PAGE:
MANU/TN/8896/2021

True Court CopyTM

IN THE HIGH COURT OF MADRAS

H.C.P. No. 1089 of 2021

Decided On: 06.12.2021

Appellants: Bharathi
Vs.
Respondent: The Secretary to the Government, Home Prohibition and Excise Department and Ors.

Hon'ble Judges/Coram:
P.N. Prakash and R. Hemalatha

ORDER

R. Hemalatha, J.

1. The petitioner is the wife of the detenu, Saranraj, S/o. Selvaraj, aged 31 years. The detenu has been detained by the 2nd respondent by his order dated 01.07.2021 in C3/D.O. No. 44/2021, holding him to be a "BOOTLEGGER", as contemplated under Section 3(1) of Tamil Nadu Act 14 of 1982. The said order is under challenge in this Habeas Corpus Petition.

2. We have heard the learned counsel appearing for the petitioner and the learned Additional Public Prosecutor appearing for the respondents. We have also perused the records produced by the Detaining Authority.

3. Though several grounds have been raised in the Habeas Corpus Petition, the learned counsel appearing for the petitioner would mainly focus his argument on the ground that there is gross violation of procedural safeguards, which would vitiate the detention. The learned counsel, by placing authorities, submitted that the representation made by the petitioner was not considered on time and there was an inordinate and unexplained delay.

4. The learned Additional Public Prosecutor filed his counter affidavit and strongly opposed the Habeas Corpus Petition. He would submit that though there was delay in considering the representation, on that score alone, the impugned detention order cannot be quashed. According to the learned Additional Public Prosecutor, no prejudice has been caused to the detenu and thus, there is no violation of the fundamental rights guaranteed under Articles 21 and 22 of the Constitution of India.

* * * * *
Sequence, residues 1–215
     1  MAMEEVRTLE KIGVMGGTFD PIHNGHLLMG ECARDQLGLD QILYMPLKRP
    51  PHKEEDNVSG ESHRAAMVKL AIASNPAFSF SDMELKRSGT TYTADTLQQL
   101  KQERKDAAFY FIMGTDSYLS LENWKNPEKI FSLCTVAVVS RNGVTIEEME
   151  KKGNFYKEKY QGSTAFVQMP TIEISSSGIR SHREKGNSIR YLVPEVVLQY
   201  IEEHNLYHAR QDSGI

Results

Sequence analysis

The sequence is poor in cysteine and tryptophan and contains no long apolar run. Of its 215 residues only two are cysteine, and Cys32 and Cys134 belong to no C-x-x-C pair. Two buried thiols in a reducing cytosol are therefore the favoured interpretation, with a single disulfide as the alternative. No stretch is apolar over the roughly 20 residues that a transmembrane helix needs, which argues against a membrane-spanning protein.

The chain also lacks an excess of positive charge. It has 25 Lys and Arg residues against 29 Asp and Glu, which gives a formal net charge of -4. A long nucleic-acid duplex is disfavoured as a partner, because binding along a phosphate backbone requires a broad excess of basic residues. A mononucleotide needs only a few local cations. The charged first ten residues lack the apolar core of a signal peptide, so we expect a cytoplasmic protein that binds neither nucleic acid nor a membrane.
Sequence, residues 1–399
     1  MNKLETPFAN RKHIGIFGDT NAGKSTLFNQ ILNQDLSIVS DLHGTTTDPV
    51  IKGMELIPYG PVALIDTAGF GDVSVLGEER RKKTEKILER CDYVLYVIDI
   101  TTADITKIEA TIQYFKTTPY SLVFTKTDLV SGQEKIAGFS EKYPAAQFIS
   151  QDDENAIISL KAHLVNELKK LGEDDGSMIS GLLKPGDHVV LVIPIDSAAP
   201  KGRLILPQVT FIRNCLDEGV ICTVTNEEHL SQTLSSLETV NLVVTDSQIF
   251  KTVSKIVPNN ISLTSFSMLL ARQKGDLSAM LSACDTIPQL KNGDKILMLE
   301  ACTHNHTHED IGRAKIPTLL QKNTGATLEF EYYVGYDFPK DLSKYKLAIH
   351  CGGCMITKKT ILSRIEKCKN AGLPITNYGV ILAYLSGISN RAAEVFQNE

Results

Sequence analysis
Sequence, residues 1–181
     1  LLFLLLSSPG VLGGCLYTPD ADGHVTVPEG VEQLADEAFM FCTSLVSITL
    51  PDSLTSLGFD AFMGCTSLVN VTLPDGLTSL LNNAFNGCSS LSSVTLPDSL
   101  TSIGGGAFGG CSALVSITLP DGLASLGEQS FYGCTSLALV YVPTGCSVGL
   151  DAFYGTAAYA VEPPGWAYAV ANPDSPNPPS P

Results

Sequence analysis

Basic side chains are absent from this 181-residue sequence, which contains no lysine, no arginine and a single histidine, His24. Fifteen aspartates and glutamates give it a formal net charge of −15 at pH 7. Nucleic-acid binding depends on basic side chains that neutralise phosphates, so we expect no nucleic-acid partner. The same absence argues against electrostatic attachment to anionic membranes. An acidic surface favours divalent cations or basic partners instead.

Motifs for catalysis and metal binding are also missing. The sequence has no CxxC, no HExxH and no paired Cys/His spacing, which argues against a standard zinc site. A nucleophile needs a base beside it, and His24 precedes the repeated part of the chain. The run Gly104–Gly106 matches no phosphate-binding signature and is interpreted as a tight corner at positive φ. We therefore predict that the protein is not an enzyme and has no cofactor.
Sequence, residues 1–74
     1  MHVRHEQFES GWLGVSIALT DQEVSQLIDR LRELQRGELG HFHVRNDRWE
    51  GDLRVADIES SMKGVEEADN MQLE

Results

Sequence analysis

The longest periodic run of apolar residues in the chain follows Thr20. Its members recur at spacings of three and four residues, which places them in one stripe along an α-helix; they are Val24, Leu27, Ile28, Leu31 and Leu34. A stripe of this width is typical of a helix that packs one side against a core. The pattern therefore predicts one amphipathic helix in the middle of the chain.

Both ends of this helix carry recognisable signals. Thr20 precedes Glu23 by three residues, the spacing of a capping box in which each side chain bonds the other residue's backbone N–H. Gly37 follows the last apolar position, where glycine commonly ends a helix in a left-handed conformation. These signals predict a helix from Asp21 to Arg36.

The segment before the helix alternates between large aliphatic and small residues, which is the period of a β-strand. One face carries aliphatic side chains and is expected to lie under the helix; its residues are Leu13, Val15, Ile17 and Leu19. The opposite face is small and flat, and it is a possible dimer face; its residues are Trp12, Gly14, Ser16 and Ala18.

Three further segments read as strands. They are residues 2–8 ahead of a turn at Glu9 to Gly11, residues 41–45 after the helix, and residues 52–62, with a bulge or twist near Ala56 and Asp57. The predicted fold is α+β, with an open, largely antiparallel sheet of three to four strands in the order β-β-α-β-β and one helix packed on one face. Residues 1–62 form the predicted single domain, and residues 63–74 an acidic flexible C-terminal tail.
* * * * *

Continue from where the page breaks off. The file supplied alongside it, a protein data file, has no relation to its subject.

5. The Detention Order in question was passed on 01.07.2021. The petitioner made a representation on 16.07.2021. Thereafter, remarks were called for by the Government from the Detaining Authority on 20.07.2021. The remarks were duly received on 09.08.2021. Thereafter, the Government considered the matter and passed the order rejecting the petitioner's representation on 23.08.2021.

6. It is the contention of the petitioner that there was a delay of 20 days in submitting the remarks by the Detaining Authority, of which 7 days were Government Holidays and hence, there was an inordinate delay of 13 days in submitting the remarks. It is the further contention of the petitioner that the remarks were received on 09.08.2021 and there was a delay of 14 days in considering the representation by the Hon'ble Minister for Home, Prohibition and Excise Department after the Deputy Secretary dealt with it, of which 5 days were Government Holidays, hence, there was inordinate delay of 9 days in considering the representation.

7. In Rekha Vs. State of Tamil Nadu [MANU/SC/0366/2011 : 2011 (5) SCC 244], the Hon'ble Supreme Court has held that the procedural safeguards are required to be zealously watched and enforced by the Courts of law and their rigour cannot be allowed to be diluted on the basis of the nature of the alleged activities undertaken by the detenu.

8. In Sumaiya Vs. The Secretary to Government [2007 (2) MWN (Cr.) 145], a Division Bench of this Court has held that the unexplained delay of three days in disposal of the representation made on behalf of the detenu would be sufficient to set aside the order of detention.

9. In Tara Chand Vs. State of Rajasthan and others, reported in [MANU/SC/0252/1980 : 1980 (2) SCC 321], the Hon'ble Supreme Court has held that any inordinate and unexplained delay on the part of the Government in considering the ........